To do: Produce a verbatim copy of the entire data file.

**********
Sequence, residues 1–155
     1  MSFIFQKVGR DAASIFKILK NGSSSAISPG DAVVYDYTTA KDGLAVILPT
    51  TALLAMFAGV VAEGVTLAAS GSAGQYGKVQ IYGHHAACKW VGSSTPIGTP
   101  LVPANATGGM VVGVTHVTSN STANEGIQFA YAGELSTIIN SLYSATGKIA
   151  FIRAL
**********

Sequence, residues 1–155
     1  MSFIFQKVGR DAASIFKILK NGSSSAISPG DAVVYDYTTA KDGLAVILPT
    51  TALLAMFAGV VAEGVTLAAS GSAGQYGKVQ IYGHHAACKW VGSSTPIGTP
   101  LVPANATGGM VVGVTHVTSN STANEGIQFA YAGELSTIIN SLYSATGKIA
   151  FIRAL